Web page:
Prime Video is bringing the Wasteland to live-action in a new adaptation of the video game franchise, “Fallout.” The series, which comes from “Westworld” creators Jonathan Nolan and Lisa Joy and is written by Geneva Robertson-Dworet and Graham Wagner, tells the story of haves and have-nots in a world in which there’s almost nothing left. 200 years after the apocalypse, the gentle denizens of luxury fallout shelters are forced to return to the irradiated hellscape their ancestors left behind — and are shocked to discover an incredibly complex, gleefully weird and highly violent universe waiting for them. Ella Purnell stars as Lucy, an optimistic Vault Dweller with an all-American, can-do spirit whose peaceful and idealistic nature is tested when people harm her loved ones. She is joined by Walter Goggins, who plays the ruthless bounty hunter The Ghoul; Kyle MacLachlan, who plays Lucy’s father and Vault 33 overseer Hank; and Aaron Moten, who plays Maximus, a young soldier who serves in a militaristic faction called the Brotherhood of Steel. Other cast members include Moisés Arias, Sarita Choudhury, Michael Emerson, Leslie Uggams, Frances Turner, Dave Register, Zach Cherry, Johnny Pemberton, Rodrigo Luzzi, Annabel O’Hagan and Xelia Mendes-Jones. — Lucas Manfredi

Robert Downey Jr. in “The Sympathizer” (HBO)

“The Sympathizer” (HBO) — April 17

Fresh off his awards acclaim for “Oppenheimer,” Robert Downey Jr. is set to portray multiple roles in “The Sympathizer,” HBO, A24 and Rhombus Media’s miniseries adaptation of the Pulitzer Prize-winning novel by Viet Thanh Nguyen. The espionage thriller and cross-culture satire from Park Chan-wook tells the story of a half-French, half-Vietnamese Communist spy’s struggles during the final days of the Vietnam War and his resulting exile in the United States. Other cast members joining Downey Jr. include Hoa Xuande, Fred Nguyen, Toan Le, Duy Nguyễn, Vy Le and Alan Trong, with Sandra Oh, Kieu Chinh and Nguyen Cao Ky Duyen. — LM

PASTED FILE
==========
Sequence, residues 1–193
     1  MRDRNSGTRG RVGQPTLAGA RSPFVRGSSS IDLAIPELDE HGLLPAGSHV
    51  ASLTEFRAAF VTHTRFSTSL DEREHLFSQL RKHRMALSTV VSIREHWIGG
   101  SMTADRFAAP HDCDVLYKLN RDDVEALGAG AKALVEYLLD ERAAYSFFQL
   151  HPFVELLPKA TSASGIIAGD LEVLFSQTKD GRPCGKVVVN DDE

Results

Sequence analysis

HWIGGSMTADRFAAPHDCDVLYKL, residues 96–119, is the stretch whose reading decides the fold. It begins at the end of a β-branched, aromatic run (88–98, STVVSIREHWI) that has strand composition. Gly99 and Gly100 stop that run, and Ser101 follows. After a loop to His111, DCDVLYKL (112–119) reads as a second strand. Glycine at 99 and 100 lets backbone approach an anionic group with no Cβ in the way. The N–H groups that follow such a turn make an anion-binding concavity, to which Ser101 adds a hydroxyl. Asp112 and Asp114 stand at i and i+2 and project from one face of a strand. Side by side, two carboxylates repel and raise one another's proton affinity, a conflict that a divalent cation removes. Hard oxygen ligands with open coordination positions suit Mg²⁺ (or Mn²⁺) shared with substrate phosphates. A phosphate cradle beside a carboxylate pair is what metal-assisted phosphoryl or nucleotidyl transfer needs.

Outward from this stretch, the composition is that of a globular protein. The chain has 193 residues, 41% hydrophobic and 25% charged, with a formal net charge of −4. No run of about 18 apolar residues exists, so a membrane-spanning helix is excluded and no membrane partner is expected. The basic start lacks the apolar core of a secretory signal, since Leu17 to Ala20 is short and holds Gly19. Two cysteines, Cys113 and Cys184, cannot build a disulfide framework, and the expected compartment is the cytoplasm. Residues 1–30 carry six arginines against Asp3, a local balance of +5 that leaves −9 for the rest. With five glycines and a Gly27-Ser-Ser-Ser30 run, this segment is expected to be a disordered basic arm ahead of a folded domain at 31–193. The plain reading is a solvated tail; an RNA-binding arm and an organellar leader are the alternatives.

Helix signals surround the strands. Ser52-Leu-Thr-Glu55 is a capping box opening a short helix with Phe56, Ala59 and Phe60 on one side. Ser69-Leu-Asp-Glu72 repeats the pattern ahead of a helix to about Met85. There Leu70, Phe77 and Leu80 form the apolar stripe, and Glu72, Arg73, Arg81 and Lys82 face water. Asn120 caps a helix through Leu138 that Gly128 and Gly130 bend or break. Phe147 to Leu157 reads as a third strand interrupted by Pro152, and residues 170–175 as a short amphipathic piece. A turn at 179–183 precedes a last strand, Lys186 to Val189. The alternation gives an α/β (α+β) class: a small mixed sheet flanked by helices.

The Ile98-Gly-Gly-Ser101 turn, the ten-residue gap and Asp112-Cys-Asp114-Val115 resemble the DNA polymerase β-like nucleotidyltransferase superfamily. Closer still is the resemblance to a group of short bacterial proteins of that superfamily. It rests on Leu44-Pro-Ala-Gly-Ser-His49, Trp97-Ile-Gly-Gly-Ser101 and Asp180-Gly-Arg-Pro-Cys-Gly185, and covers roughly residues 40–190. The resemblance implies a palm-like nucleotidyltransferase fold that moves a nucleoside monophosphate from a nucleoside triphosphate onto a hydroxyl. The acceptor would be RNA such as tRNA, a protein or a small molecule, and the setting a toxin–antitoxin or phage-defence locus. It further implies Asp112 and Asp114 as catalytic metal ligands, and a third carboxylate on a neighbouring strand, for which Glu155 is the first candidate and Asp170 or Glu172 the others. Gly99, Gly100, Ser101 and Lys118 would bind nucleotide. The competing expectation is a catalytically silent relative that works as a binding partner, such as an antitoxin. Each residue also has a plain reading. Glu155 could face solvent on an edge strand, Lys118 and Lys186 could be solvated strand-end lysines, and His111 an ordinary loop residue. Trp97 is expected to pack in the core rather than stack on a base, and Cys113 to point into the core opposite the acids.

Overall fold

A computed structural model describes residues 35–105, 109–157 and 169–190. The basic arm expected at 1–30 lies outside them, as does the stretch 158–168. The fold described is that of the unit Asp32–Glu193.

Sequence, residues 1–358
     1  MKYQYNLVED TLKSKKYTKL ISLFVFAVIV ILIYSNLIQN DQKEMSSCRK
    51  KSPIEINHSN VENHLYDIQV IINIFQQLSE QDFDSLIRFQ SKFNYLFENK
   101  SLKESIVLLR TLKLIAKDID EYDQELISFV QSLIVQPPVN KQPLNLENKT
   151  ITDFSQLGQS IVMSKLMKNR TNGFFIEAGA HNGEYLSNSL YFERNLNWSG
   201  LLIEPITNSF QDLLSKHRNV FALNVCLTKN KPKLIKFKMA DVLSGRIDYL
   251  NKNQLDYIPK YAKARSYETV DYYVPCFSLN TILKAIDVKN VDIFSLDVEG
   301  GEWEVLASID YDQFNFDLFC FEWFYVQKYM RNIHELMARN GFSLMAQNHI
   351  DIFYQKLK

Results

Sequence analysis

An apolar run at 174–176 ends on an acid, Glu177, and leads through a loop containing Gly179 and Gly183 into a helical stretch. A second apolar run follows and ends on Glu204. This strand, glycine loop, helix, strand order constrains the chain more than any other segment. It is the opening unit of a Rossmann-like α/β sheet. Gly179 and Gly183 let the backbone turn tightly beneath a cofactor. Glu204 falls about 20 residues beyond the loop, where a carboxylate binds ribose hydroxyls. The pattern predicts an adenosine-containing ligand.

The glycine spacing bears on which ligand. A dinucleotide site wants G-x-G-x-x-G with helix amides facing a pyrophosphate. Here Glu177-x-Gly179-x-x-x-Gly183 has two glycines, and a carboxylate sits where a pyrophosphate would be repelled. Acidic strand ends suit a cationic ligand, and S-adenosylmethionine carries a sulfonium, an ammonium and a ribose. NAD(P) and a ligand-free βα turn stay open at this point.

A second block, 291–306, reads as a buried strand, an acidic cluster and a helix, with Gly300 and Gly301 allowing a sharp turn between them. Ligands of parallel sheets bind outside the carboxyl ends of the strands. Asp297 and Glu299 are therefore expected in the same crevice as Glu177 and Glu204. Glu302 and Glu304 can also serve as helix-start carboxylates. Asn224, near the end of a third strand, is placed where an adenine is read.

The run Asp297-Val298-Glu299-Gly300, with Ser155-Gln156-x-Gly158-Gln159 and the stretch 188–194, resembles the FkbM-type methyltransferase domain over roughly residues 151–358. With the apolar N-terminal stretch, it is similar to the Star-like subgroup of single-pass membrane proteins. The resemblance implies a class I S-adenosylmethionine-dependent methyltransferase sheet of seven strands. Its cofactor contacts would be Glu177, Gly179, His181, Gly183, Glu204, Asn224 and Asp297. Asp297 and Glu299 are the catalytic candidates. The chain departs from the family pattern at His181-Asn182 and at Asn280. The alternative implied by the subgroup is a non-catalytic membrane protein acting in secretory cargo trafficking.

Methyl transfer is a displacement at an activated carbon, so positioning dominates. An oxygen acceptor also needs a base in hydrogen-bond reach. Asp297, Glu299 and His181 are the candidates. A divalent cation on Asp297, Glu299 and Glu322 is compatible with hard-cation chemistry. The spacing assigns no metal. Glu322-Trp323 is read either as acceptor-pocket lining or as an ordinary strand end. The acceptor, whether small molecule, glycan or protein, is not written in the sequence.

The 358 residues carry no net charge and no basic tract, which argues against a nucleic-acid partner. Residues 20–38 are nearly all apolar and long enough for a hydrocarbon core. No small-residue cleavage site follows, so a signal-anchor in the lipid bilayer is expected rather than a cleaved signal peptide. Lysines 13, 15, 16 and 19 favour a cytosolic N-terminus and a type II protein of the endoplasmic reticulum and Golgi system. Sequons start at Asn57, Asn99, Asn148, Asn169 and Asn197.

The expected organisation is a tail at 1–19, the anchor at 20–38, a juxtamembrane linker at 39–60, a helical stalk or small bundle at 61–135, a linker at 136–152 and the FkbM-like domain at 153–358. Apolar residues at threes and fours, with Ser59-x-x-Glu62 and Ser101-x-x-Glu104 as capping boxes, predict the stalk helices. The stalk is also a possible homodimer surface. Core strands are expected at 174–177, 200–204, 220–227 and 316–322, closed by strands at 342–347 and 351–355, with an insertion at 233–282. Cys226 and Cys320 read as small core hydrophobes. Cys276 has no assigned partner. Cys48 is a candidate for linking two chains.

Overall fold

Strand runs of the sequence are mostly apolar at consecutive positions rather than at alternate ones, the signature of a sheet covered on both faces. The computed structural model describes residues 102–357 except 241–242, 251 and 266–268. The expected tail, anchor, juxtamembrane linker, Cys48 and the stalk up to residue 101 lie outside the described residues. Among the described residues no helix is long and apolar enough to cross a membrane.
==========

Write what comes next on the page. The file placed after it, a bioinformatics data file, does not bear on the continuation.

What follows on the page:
“Knuckles” (Paramount+) — April 26

If the wait for “Sonic the Hedgehog 3” is too excruciating (hang in there, we just have to make it to Christmas!), then “Knuckles,” a new spin-off limited series centered around Idris Elba’s war-loving echidna, should ease the pain. Judging by the trailer, Knuckles teams up with Wade Whipple (Adam Pally), the dim-witted deputy sheriff from the movies. Together, they will undoubtedly stop some evil mastermind who is threatening Earth. The cast for “Knuckles” is pretty impressive, with Cary Elwes, Edi Patterson, Stockard Channing, Julian Barratt, Ellie Taylor and Kid Cudi appearing, along with, of course, Sonic (Ben Schwartz), Tails (Colleen O’Shaughnessey) and a new character voiced by Christopher Lloyd. Also, there’s some serious firepower behind the camera, with episodes directed by “Sonic the Hedgehog” filmmaker Jeff Fowler, cinematographer Brandon Trost and Lonely Island member Jorma Taccone each helming episodes. Honestly, we’re far more excited than we should be. And that’s okay. — DT